Chapter 15:1-16 (ESV) - Then Eliphaz the Temanite answered and said:
“Should a wise man answer with windy knowledge,
and fill his belly with the east wind?
Should he argue in unprofitable talk,
or in words with which he can do no good?
But you are doing away with the fear of God
and hindering meditation before God.
For your iniquity teaches your mouth,
and you choose the tongue of the crafty.
Your own mouth condemns you, and not I;
your own lips testify against you.
“Are you the first man who was born?
Or were you brought forth before the hills?
Have you listened in the council of God?
And do you limit wisdom to yourself?
What do you know that we do not know?
What do you understand that is not clear to us?
Both the gray-haired and the aged are among us,
older than your father.
Are the comforts of God too small for you,
or the word that deals gently with you?
Why does your heart carry you away,
and why do your eyes flash,
that you turn your spirit against God
and bring such words out of your mouth?
What is man, that he can be pure?
Or he who is born of a woman, that he can be righteous?
Behold, God puts no trust in his holy ones,
and the heavens are not pure in his sight;
how much less one who is abominable and corrupt,
a man who drinks injustice like water!
Question to consider: What makes Job abominable and corrupt according to Eliphaz?
Here’s a piece of unsolicited advice: if it is your intent to come alongside a friend who is going through the worst pain imaginable, it is probably better to wish him well and leave than to stick around and call his expression of grief a bunch of hot air. Job rejected the idea that God only allowed pain and calamity to come upon the wicked and had started to wonder whether God had a reward for the righteous that was beyond this life. If that wasn’t the case, Job wondered why God wouldn’t merely allow people to live out their days in peace.
For this, Eliphaz accused Job of disrespecting God and disturbing their prayers and said that the evidence for his iniquity was pouring out of his mouth. Job had accused his friends of thinking they were the sole arbiters of wisdom to the point where wisdom would die with them. Eliphaz returned the favor by asking whether Job existed before time and thought himself to be the wisdom of God.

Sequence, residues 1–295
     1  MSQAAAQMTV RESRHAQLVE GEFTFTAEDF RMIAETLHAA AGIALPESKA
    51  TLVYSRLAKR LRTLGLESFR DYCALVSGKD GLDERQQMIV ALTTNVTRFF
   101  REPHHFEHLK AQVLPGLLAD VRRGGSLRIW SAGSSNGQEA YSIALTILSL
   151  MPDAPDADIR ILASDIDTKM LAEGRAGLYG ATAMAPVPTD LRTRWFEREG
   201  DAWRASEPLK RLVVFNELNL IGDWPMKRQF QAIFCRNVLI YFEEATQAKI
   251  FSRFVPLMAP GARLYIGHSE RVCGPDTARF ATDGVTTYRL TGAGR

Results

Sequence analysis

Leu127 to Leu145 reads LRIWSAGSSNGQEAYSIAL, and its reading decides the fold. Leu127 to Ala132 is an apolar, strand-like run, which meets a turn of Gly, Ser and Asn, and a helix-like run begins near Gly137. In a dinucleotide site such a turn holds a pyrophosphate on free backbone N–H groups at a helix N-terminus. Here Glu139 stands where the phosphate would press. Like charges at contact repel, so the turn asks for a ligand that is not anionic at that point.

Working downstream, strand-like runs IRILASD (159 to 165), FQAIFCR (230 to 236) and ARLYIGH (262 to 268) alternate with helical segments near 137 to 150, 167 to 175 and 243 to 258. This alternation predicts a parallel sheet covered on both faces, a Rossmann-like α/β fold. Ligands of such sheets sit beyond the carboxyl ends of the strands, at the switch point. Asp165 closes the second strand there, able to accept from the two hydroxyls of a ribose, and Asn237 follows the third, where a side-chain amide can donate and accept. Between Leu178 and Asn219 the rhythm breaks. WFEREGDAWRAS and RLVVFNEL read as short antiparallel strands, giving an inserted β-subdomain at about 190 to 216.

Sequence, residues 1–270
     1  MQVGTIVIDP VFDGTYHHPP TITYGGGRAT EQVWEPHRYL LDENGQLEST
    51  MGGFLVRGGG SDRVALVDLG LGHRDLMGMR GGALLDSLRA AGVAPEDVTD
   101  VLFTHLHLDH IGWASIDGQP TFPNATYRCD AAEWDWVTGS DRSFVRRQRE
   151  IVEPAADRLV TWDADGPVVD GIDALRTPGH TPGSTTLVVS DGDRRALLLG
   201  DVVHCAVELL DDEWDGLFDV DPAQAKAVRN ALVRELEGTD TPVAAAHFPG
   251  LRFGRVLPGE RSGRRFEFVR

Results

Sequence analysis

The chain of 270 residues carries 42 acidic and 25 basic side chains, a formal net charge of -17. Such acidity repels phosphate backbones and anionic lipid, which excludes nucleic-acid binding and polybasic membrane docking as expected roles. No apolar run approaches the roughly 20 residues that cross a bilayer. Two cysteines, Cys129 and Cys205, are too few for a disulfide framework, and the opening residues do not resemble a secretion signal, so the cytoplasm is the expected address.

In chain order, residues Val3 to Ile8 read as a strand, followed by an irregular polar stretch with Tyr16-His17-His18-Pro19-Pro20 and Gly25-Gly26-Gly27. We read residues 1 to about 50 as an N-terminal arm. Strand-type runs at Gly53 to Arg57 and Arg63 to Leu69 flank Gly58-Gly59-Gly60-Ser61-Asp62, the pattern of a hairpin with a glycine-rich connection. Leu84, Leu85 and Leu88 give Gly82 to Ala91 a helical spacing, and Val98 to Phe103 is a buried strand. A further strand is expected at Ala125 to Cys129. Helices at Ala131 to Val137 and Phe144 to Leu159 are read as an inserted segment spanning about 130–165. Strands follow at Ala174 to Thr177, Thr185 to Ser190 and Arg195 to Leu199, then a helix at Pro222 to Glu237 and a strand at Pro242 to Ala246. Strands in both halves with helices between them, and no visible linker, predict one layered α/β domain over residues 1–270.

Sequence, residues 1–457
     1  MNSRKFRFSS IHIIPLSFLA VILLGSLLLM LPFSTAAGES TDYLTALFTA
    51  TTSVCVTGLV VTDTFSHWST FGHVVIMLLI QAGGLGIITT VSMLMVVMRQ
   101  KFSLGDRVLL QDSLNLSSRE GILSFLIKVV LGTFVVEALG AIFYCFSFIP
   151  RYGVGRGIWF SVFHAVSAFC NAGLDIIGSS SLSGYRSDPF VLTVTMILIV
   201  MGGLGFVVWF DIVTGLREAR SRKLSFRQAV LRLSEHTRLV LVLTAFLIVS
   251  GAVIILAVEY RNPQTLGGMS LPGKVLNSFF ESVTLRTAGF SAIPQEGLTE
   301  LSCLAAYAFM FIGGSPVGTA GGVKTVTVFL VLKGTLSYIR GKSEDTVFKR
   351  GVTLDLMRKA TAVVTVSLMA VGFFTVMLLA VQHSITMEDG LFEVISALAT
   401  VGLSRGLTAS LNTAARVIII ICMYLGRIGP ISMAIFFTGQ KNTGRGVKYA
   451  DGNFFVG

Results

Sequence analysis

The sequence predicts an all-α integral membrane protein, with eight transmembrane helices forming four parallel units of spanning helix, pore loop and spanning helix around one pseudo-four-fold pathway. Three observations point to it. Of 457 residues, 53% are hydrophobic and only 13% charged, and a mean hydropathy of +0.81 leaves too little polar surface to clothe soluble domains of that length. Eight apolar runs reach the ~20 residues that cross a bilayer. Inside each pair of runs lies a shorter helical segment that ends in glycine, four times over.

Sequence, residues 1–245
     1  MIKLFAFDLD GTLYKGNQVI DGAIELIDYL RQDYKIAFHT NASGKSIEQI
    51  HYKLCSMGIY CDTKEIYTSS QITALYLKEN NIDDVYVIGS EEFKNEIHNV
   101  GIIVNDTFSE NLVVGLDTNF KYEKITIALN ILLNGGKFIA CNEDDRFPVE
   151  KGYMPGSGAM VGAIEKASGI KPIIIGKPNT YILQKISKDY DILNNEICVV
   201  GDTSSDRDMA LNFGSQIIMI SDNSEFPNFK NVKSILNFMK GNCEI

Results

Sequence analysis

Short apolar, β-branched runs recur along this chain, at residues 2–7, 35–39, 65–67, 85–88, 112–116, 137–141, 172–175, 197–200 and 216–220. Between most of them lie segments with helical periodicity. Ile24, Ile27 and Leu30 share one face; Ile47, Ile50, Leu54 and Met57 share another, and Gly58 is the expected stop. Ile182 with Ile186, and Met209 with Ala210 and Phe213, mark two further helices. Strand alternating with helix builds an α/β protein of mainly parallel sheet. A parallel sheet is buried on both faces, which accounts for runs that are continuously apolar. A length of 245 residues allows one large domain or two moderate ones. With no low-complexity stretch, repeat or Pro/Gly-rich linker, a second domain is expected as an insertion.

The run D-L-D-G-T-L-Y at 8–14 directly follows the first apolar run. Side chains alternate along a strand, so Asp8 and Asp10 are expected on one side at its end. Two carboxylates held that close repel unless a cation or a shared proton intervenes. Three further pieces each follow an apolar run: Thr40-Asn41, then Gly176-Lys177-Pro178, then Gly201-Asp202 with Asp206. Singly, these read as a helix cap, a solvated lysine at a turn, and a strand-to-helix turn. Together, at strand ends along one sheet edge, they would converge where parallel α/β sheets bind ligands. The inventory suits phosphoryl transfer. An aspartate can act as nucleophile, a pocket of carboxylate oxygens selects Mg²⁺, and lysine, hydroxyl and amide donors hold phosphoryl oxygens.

It’s interesting that Eliphaz thought their words to Job were the comfort of God. Essentially, he was telling Job that they were right in saying that Job deserved his calamity because of his iniquity, and that by insisting on his innocence, Job was heaping more judgment upon himself. So if he wanted to have peace with God, he should repent.
While it is true that Job did not have the understanding of God, it is a false witness to pronounce someone guilty without being able to point to a crime. As the reader, we have more insight into this situation than that of Job’s companions. We know that Job was indeed more righteous than they, and we know that the calamity which came upon Job was the work of Satan and not God. However, the fact that they did not know these things is irrelevant. Unless they could name something specific for which Job needed to repent, they should have given him the benefit of the doubt. Instead, Eliphaz ignorantly declared Job to be abominable and corrupt.
God’s word regarding our witness of others has both a positive and a negative. The negative is that we are commanded to not bear false witness against our neighbor. The positive is that we should speak the truth regarding our neighbor and protect their reputation from those who would falsely try to destroy it.
Dear heavenly father, help us to protect the reputation of our neighbor and reserve judgment until it can be delivered righteously and with the intent of restoring someone to a right relationship with You. Amen.